QUESTION: The Mishnah teaches that Batei ha'Chatzerim (houses in unwalled cities) have the most advantageous laws for the seller from the laws of both Batei Arei Chomah and Sedeh Achuzah. The Mishnah explains that they may be redeemed immediately after the sale, for twelve months (like Batei Arei Chomah). They return to the original owner at Yovel, and they are redeemed based on Gira'on Kesef (like Sedeh Achuzah).
However, one statement in the Mishnah seems to be phrased in an odd way. The Mishnah says that "they may be redeemed immediately and for all twelve months like houses." Why does the Mishnah need to say that they may be redeemed for twelve months? Once the Mishnah says that they may be redeemed immediately after the sale, it is obvious that this includes the entire first year; there is no reason to limit the time for redemption to less than a year. Moreover, once the Mishnah teaches that Batei ha'Chatzerim have the best terms for the seller, we know that he may redeem his house after the first year as well, like a Sedeh Achuzah. Why, then, does the Mishnah not say that he may redeem the house "after twelve months"? Indeed, when the RAMBAM (Hilchos Shemitah 12:10) records this Halachah, he writes that the house may be redeemed immediately and "after twelve months." What is the reason for this odd wording of the Mishnah?
(a) The RASHASH suggests that Batei ha'Chatzerim cannot be redeemed during the second year at all, although it can be redeemed during the first year (before the second year), and it can be redeemed after the second year. There is a logical basis for this. The Mishnah compares Batei ha'Chatzerim to Batei Arei Chomah and Sedeh Achuzah. Neither of these can be redeemed during the second year after the sale.
However, the Rashash rejects this proposal based on the Gemara later (Rav Papa's explanation), TOSFOS (DH Mishum), and the MAHARSHA in Kidushin (21a). The OLAS SHLOMO and SEFAS EMES similarly propose this idea but conclude that Batei ha'Chatzerim may be redeemed in the second year after the sale as well.
(b) The Rashash concludes that the Mishnah is teaching that during the first year, the house is redeemed like Batei Arei Chomah, which are not redeemed through Gira'on Kesef. The price of the house is not reduced based on the fact that the buyer has lived there for nearly one year. Only after the first year has passed does the redemption price of the house go down due to Gira'on Kesef. This explanation is also suggested by the Olas Shlomo and the LIKUTEI HALACHOS. (Y. MONTROSE)


QUESTIONS: The Gemara derives from the verse (Vayikra 25:33) that the rights of permanent redemption applies to a Levi who buys a house from another Levi. The verses teaches that there is no time limit within which a Levi must redeem his house, and that, nevertheless, a house that was sold by a Levi and not redeemed before the Yovel year returns to the Levi.
The RAMBAN on this verse proposes a novel meaning for the term "redemption," which he uses to explain a difficulty in the account of the redemption of the property of Elimelech that was sold by Naomi.
The verses in Megilas Ruth (4:3-10) relate that "he (Boaz) said to the redeemer, 'Naomi, who has returned from the fields of Moav, has sold the portion of land that belonged to our brother, Elimelech.... If you will redeem [the property], redeem it, and if not, then inform me, so that I may know, because there is no one else [with rights to redeem it] before you, and I am after you....' Boaz said to the elders and to all the people, 'You are witnesses this day that I have purchased all that was Elimelech's and all that was Machlon's and Kilyon's from the ownership of Naomi.'"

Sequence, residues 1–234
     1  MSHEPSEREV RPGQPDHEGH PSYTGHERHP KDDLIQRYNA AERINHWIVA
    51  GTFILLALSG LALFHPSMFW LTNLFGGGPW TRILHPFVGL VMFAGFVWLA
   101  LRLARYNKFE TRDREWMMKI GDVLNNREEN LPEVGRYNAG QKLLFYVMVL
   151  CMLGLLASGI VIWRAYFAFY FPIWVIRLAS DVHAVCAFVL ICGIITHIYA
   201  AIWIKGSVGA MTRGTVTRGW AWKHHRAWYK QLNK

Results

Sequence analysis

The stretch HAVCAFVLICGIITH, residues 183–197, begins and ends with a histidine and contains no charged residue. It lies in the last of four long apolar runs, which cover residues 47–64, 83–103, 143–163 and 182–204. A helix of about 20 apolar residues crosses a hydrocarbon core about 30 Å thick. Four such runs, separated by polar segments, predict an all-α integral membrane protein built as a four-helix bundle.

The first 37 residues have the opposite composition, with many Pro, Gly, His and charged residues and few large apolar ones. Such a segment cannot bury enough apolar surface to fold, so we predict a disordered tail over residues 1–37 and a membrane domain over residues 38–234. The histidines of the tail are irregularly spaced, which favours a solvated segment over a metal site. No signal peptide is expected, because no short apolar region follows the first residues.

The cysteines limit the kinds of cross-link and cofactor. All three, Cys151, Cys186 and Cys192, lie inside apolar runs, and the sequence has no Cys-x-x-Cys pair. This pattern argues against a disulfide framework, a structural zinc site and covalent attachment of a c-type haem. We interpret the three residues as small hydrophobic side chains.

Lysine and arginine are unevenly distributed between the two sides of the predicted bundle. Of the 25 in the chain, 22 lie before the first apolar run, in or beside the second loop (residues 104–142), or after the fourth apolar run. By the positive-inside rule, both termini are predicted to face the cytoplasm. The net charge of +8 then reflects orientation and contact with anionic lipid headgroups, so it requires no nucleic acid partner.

The accepted practice was that the nearest of kin has priority in the redemption of property of a relative. Elimelech, Naomi's husband, had a living brother who was his next of kin. Boaz was only a nephew to Elimelech (Salmon, the father of Boaz, was Elimelech's brother). This is what Boaz meant when he told the potential redeemer, "If you will redeem [the property], redeem it, and if not, then inform me, so that I may know, because there is no one else [with rights to redeem it] before you, and I am after you."
There are several difficulties with the account of the redemption of the property of Elimelech.
1. Why does Boaz say, "You are witnesses this day that I have purchased all that was Elimelech's... from the ownership of Naomi" (verse 9)? He did not purchase it from Naomi; Naomi had already sold the property to someone else (verse 3)! It is from the ownership of the third party that the redemption was taking place, and not from the ownership of Naomi.
2. Redemption is not permitted until at least two years have passed after the sale (Erchin 29b). The verse (4:3) relates that Naomi sold her husband's field upon returning destitute from Moav. Naomi and Ruth returned to Eretz Yisrael "at the beginning of the barley harvest" (1:22), which precedes the wheat harvest, in early spring. Ruth stayed in the field of Boaz until the end of the wheat and barley harvests (2:23). During the winnowing process that followed the harvest, Ruth approached Boaz and brought the redemption of the field to his attention (3:2). Boaz acted upon his obligation of redemption the very next day (3:18). This event must have taken place no longer than several months after the beginning of the barley harvest, which was when Naomi sold the property. Since two years had not passed, how was he permitted to redeem the property that had been sold?
ANSWER: The RAMBAN (in his commentary to Vayikra 25:33) proposes that the term "redemption" applies to a situation other than the one discussed by the Gemara here. In former times, when a person found it necessary to sell his ancestral property due to poverty, it was customary (although not obligatory) for a relative of his to offer to buy the field directly from him. This was done in order to keep the property in the family and to prevent it from going into the hands of a non-relative. The Ramban asserts that this form of purchase is referred to by the Torah as "redemption." The Ramban writes that although such "preventative redemption" was not a Mitzvah, it was nevertheless an ancient custom, worthy of praise.
Accordingly, the Ramban suggests that the property being redeemed by Boaz still belonged to Naomi; she and Ruth had never sold the fields! Nevertheless, the verses refer to Boaz's act as one of "redemption," because he stepped in to ensure that the property would not be sold to a stranger. This seems to be the opinion of Rashi as well (Ruth 3:9 and 4:5).